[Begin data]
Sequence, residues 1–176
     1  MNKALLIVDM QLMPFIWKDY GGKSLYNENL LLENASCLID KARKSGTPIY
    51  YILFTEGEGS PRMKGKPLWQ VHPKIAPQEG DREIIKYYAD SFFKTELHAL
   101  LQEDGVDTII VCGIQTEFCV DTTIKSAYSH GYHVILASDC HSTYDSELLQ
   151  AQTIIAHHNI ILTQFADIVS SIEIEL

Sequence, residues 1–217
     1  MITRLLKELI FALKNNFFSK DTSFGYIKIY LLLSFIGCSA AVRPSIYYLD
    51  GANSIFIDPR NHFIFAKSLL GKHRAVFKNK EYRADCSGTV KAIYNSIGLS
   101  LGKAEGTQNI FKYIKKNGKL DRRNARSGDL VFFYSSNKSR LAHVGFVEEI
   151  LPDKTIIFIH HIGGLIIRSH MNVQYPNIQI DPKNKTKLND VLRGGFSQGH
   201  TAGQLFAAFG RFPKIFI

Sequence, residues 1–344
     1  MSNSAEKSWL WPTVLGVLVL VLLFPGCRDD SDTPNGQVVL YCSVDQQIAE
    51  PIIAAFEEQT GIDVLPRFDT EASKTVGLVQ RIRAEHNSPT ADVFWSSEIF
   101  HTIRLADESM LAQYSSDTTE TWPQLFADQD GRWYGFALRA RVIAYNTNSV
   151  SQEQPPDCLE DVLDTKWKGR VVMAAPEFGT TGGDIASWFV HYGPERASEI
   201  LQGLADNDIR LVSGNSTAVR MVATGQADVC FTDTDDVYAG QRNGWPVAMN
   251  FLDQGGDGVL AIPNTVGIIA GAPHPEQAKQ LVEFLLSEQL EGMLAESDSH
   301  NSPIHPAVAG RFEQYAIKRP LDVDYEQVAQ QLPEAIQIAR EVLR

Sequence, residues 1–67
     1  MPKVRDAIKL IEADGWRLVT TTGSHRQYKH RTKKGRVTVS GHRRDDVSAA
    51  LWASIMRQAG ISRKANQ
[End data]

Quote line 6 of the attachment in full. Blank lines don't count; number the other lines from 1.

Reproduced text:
Sequence, residues 1–217